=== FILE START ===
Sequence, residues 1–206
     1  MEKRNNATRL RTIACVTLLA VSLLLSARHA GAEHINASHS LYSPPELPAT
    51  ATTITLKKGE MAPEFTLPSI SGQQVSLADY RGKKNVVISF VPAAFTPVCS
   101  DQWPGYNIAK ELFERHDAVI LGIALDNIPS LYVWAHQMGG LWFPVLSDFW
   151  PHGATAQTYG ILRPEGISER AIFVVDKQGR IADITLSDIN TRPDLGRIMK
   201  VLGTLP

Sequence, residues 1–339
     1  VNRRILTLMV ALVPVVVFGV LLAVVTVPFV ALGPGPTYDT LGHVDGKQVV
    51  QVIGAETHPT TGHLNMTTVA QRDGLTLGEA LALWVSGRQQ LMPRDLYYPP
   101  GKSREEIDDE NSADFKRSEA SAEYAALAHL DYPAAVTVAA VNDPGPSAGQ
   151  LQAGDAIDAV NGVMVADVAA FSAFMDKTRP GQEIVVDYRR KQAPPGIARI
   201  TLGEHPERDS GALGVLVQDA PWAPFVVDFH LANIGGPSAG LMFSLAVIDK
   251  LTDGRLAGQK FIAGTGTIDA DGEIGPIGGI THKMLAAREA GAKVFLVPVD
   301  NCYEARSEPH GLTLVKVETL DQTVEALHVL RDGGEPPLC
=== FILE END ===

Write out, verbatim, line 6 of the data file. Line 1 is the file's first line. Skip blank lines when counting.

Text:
   201  VLGTLP